In Malaysia, there are two systems for death certification, namely medically certified deaths (MCD) and non-medically certified deaths (NMCD). MCD are deaths that occur in health facilities and certified by an attending physician. On the other hand, NMCD are deaths that occur outside of health facilities and reported to the local police station by the next of kin. NMCDs are not as reliable as MCD for reporting causes of death and may result in underestimation of causes of death. In recent years, the practice of verbal autopsy, usually conducted by the nearest health district office on NMCD, has been implemented in order to reduce the number of ill-defined causes of death [16]. In order to improve the data quality of NMCD, causes of death for NMCD is estimated by applying cause-specific mortality fractions (CSMF) derived from verbal autopsy [16].

Life expectancy data were obtained from life tables generated by DOSM based on mortality statistics over a three-year period and mid-year population estimates for the year 2019. The observed mean age at death in the age interval and the life expectancy numbers at the exact age corresponding to the age interval were used to calculate the age and sex-specific mean life expectancy.

In this study, YLL were computed without age-weighting or discounting. Outliers and illogical data were identified and corrected during the data cleaning process. Ill-defined causes of death were reclassified and redistributed where needed according to the general approach proposed by Murray and Lopez [6]. CSMF derived from verbal autopsy data were applied on NMCD data for quality improvement. All deaths that occurred in older adults aged 60 and above in Malaysia in the year 2019 were included in this study. Throughout the conduct of the study, the tenets of the Declaration of Helsinki were followed and compliance to the Malaysian Guideline for Good Clinical Practice was ensured. Ethical approval for the study was obtained from the Medical Research and Ethics Committee (MREC), Ministry of Health Malaysia (NMRR-21–1355-60,662). All data were analysed using Microsoft Office Excel version 2010.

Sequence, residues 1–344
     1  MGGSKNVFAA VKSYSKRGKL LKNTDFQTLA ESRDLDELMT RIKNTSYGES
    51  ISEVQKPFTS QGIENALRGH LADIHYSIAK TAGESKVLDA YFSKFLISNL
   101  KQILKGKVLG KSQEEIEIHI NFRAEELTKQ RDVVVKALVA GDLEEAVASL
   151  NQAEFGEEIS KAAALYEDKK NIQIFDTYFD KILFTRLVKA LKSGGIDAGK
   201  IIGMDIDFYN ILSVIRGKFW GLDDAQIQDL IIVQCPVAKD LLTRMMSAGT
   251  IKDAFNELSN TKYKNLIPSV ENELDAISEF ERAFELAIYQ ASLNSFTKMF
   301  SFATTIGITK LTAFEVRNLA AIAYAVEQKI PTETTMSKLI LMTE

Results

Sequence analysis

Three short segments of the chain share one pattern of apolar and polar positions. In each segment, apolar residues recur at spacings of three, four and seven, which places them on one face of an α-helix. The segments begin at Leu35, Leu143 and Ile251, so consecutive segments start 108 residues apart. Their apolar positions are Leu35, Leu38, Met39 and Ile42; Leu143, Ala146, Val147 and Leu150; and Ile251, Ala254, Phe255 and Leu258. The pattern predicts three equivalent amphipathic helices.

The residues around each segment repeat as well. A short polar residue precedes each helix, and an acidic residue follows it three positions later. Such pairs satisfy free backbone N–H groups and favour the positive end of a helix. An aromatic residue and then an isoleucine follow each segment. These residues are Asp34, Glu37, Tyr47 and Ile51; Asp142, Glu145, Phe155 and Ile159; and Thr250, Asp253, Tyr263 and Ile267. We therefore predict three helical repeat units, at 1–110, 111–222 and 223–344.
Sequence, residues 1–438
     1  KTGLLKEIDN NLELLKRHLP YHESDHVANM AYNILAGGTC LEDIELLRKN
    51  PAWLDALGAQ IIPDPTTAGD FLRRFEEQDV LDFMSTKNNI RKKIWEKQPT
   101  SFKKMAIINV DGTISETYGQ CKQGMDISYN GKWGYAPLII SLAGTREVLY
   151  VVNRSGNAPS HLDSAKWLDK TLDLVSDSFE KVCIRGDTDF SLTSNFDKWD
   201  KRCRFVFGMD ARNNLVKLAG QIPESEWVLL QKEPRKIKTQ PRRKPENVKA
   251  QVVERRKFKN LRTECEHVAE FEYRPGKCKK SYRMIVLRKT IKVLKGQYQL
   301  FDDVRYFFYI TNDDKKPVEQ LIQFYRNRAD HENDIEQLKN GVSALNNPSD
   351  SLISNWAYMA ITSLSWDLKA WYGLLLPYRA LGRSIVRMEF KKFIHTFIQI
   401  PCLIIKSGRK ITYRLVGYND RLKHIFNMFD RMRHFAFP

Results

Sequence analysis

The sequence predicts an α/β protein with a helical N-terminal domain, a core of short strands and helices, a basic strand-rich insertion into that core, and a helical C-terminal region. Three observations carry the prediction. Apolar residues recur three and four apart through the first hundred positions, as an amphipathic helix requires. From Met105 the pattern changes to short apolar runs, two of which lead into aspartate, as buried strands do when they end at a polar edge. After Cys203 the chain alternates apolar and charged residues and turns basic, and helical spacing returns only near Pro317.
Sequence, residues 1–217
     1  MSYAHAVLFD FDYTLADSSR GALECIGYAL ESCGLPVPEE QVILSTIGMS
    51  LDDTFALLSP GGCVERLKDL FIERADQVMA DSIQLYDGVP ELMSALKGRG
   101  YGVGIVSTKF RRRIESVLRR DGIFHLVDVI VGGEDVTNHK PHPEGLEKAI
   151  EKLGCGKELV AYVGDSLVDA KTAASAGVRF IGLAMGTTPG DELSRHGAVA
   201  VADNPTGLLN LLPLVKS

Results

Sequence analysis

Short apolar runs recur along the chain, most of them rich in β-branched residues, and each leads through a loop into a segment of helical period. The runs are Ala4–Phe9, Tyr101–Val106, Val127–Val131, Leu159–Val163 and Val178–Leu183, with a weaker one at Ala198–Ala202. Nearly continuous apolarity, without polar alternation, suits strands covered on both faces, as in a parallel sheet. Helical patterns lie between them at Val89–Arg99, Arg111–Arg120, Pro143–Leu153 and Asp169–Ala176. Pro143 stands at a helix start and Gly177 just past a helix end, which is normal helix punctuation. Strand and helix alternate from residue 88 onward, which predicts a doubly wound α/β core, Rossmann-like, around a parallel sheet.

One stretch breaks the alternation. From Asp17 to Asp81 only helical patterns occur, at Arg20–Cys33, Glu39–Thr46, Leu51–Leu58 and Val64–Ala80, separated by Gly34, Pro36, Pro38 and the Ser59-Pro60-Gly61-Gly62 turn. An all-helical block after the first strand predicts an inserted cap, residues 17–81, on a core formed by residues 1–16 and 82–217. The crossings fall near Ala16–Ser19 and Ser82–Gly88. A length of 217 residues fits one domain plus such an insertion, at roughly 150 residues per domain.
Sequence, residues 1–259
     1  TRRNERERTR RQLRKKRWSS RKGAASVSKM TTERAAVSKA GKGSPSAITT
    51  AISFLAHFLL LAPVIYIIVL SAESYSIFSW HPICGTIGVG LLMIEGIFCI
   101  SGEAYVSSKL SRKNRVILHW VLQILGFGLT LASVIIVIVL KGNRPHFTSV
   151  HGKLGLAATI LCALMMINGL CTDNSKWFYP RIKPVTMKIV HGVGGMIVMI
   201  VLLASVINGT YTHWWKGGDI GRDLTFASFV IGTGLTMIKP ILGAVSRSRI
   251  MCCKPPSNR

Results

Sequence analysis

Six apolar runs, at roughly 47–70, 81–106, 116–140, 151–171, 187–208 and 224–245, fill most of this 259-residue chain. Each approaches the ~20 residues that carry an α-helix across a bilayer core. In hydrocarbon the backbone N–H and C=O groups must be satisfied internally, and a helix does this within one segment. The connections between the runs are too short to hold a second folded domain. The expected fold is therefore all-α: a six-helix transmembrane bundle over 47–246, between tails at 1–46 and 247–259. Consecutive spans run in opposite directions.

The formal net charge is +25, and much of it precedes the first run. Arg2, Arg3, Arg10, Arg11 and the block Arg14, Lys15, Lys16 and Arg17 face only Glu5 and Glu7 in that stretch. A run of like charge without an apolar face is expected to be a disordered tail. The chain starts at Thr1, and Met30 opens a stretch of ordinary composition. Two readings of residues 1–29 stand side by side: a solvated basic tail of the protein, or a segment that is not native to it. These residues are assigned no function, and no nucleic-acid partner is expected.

Results

Years of life lost by broad cause group

In 2019, older adults contributed to 67.4% of total deaths in Malaysia (117,102 out of 173,746). Older males and females contributed to 36.0% and 31.4% of total deaths in 2019, respectively. The total number of YLL among older adults in Malaysia in 2019 was estimated at 1.36 million, 39.6% out of the total YLL (3.44 million) lost to all premature deaths in that year. Older males accounted for 52.7% while older females contributed 47.3% YLL out of the total YLL among older adults in Malaysia in 2019.

Table 1 presents the YLL by sex and broad cause group among older adults in Malaysia in 2019. The YLL rate per 1000 population among older adults was 404.5, with a rate of 436.0 YLL per 1000 population in males and 374.5 YLL per 1000 population in females. Older males had higher YLL rates per 1000 population across all three broad groups compared to older females. Group II conditions accounted for the highest YLL among older adults (83.5%), followed by Group I conditions (13.7%) and Group III conditions (2.8%).